Marge – Music and Religon

This blog is about both Marge and I, but to date most has been about our life from my perspective.  I have quoted some of her letters and writing from the time we were dating, but nothing really from her when we were married.  She did make some drafts of a biography though which I found recently when going through her files.  I think she wrote this around 1983-85 as we had our first computer then, and Apple IIe and I recognize the font.  This post will consist of sections of her final draft copied by me for this post, and perhaps where relevant, add some more later. Unless I specifically note that I (Bob) am commenting, what remains will be from her writings about herself.

There are two subjects which I need to discuss briefly.  One is music.  I began to sing in he church choir when I was 14 or 15.  My sister Pat, whom I admired very much, had sung in it before me, and I enjoyed it very much.  I didn’t know any music, but by singing I gradually learned a fair amount.  when I went to Syracuse, the only activity I joined was the Chapel choir.  I sang in it for 5 years, and left about 6 weeks before Ingrid was born.  The singing, and being part of a group that had a single purpose was very satisfying and was the only emotional expression that I had which did not threaten me.  Music doesn’t ask anything of you, it just is, and you are free to like it, dislike it, find it exciting or boring, whatever.You don’t have to have a relationship with music. I sang in choirs almost continuously until we moved to Pennsylvania in 1970, but by then something else had happened to me that changed my life.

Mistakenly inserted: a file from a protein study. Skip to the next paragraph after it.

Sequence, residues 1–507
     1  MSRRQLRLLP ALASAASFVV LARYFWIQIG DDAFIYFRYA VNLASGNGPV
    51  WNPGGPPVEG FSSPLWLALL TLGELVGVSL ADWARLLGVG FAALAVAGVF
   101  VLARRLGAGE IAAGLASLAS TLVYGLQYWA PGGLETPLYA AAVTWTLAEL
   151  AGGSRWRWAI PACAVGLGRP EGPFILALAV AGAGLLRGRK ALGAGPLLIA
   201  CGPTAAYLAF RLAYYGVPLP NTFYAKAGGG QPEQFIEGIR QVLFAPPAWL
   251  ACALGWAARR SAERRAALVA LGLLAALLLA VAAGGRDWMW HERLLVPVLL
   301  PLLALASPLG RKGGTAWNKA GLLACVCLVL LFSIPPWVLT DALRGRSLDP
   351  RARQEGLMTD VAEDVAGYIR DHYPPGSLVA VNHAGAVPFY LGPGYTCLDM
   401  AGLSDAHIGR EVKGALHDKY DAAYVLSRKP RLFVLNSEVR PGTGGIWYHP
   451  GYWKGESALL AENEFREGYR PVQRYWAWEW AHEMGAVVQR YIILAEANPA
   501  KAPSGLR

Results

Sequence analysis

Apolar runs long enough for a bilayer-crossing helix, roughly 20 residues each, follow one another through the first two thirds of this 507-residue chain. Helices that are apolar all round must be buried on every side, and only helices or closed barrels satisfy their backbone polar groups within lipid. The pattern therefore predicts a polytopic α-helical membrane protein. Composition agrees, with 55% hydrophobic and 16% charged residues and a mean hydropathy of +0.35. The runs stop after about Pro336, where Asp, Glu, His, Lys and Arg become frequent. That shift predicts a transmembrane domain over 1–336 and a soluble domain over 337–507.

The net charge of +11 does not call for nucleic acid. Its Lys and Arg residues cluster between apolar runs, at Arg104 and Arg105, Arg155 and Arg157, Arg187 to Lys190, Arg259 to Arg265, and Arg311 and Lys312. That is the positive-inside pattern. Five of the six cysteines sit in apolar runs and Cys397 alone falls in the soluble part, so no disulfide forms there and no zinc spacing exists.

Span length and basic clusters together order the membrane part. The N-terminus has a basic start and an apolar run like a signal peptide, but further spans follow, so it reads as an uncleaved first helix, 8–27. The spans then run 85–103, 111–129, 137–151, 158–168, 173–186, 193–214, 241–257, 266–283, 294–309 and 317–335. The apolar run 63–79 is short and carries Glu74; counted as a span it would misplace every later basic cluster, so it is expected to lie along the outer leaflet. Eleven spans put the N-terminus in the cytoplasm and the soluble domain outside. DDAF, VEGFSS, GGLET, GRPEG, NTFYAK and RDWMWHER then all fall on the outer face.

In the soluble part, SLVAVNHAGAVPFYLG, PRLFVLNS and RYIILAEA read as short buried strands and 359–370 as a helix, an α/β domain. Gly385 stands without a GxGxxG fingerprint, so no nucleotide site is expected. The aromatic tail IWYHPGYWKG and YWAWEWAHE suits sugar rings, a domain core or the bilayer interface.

In 1967, our second child, Louise, was born.  In January of 1968 I heard some people talk about making a commitment to the Lord. I thought about it, and decided that if I had dome such a thing I would know about it and since I didn’t remember having done that, I hadn’t.  So one day I sat in a rocker in Louise’s room and said “God, if You’re there, I haven’t made too good a job of my life and if You want my life, You can have it.”  I happened to mention this to some people what I had done, and they befriended me, and helped me, and talked with me, and prayed with me, and generally kept me alive as a Christian for a year.  I remember that I waited three weeks before I told Bob what I had done, because I wanted to make sure it was real.   I had tried at various times to change myself, to pull myself up by my bootstraps as it were, but those attempts never worked. But that was real, something changed, and so I told him.  Bob asked me what it meant, but I really know myself, so I couldn’t tell him.

(Bob here) I remember this conversation and it ended there, at least for a while.  By nature and training, I am skeptical and analytical so I waited about another month before I brought the subject up myself.  I said something like this “Marge I really do not understand what your personal experience has meant to you, but you have become easier to live with and more pleasant to be with and I appreciate that.  Whatever your experience was, it has shown itself in an improved life together. Thanks for sharing with me, I certainly hope this change will become permanent.”